Tag: David Cameron

When Theresa May first set the agenda for Brexit, the UK was a divided nation caught between two opposing opinions on the country’s membership of the EU. Fortunately, the May government succeeded in reuniting the British people against the Tory Party. (More…)

Today, the media spotlight is on Philip Hammond as he tries to steer away from disaster and reassure the British public that the Conservative government might be worth keeping around. But the truth is that the Autumn Budget is boring and it was intended to be. What matters much more than the budget is the history in which we are living. (More…)

Make no mistake about it. Theresa May called this election to reap the rewards of Brexit before the reality of the hits the country. The strategy is to put electoral advantage before the economy, the society, everything in the end. And in the end, we will all pay the price. (More…)

Understandably, a lot of people see Theresa May’s populist turn as a sharp turn to the extreme right. The Nasty Party is back! This is a new kind of poujadism, as you’ve read in Jacobin. Her last speech was just less threatening than in the original German, or so I’m told. (More…)

So, the heir to Blair is gone, Theresa May has come to power, George Osborne has been replaced with Philip Hammond and Boris Johnson is now in charge of MI6. It’s plausible that the Tories may be returning to its wilderness period in opposition to New Labour. Cameron’s Blair-style of leadership is now over. All that’s left is the mess of party politics before Cameron took over in 2005: fools, creeps, lightweights and nobodies. (More…)

In one of the most contested votes in British history, the UK has voted for the unknown. Many believed the fear of change would triumph over anger. This is a moment of profound emotion. The door is wide open and there is nothing out there, but darkness. The unknown is here. The old post-war certainties are dead. (More…)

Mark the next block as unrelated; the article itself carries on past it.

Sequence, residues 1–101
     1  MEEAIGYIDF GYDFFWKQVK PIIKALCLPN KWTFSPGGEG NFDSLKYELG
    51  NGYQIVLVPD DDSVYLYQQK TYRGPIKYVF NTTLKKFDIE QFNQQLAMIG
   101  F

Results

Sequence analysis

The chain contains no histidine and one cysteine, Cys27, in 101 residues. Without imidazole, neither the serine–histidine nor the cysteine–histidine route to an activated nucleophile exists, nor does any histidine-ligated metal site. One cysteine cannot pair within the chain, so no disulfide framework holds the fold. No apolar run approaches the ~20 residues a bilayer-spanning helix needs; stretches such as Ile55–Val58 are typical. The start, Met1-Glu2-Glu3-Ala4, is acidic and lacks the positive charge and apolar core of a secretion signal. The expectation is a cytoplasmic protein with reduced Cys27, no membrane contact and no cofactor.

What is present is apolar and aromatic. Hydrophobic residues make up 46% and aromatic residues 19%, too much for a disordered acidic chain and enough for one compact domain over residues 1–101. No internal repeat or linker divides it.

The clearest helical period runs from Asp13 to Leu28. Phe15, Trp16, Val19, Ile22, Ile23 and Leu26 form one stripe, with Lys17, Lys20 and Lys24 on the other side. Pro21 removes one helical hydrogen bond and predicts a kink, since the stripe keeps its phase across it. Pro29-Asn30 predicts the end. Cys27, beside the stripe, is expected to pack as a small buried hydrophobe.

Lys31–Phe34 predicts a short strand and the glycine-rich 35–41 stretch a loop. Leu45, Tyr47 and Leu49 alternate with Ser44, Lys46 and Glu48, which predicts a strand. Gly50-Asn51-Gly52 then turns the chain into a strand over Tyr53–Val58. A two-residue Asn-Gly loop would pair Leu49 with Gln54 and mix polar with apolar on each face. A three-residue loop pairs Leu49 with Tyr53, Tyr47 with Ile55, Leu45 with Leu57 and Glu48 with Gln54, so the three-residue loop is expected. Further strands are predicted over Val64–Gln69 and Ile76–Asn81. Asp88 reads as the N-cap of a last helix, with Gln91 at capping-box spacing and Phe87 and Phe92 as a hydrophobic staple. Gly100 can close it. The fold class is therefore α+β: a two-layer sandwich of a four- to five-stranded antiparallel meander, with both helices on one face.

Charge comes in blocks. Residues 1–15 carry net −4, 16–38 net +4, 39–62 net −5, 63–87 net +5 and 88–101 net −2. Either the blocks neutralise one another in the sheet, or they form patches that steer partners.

David Cameron has signalled that the long-awaited referendum on the UK’s membership of the European Union could be held early as the summer of 2016. This is big news for Britain, its Europhiles and its Eurosceptics. Not only does it demonstrate that the Conservative Party is still looking to settle old scores. The Tory government is looking to play both cards at once. (More…)

The hashtag #YouAintNoMuslimBruv has been trending since a knife attack that shut down the London Underground last night. It refers to a bystander who yelled the insult at a person who yelled “This is for Syria!” before attacking three passengers with a knife.  (More…)

So Jeremy Corbyn is now the leader of the Labour Party. Tom Watson stands by his side as deputy leader. The results for the Labour mayoral candidate came out yesterday, where standard-bearer Sadiq Khan ran on a ‘soft left’ platform and defeated Tessa Jowell. These events fit with a reorientation in Labour politics. It came from the grass-roots upwards. (More…)

British newspapers are overwhelmed with stories about paedophilia scandals. The latest name on the growing list of accused public figures is the late Ted Heath, who served as premier between 1970 and 1974. With over 40 politicians currently under investigation, what began with the BBC’s Jimmy Savile in 2012, now seems to be engulfing the entire political class. (More…)

At first, Britain’s Labour leadership contest was just about remixing Tory clichés. Andy Burnham issued bromides of ‘aspiration’ with a Northern accent. Yvette Cooper criticised Ed Miliband’s pledge to ban EU migrants from benefits for two years, on the grounds that it should be four years. Unable to add anything new, Liz Kendall gave up, and accepted almost every Conservative policy. (More…)

These days the name Miliband is most associated in the popular mind with the young wonks currently overseeing the bumbling demise of the British Labour Party. But there was a time not so long ago that Miliband was a name to conjure with. Ralph Miliband was one the leading lights of postwar British Marxism. (More…)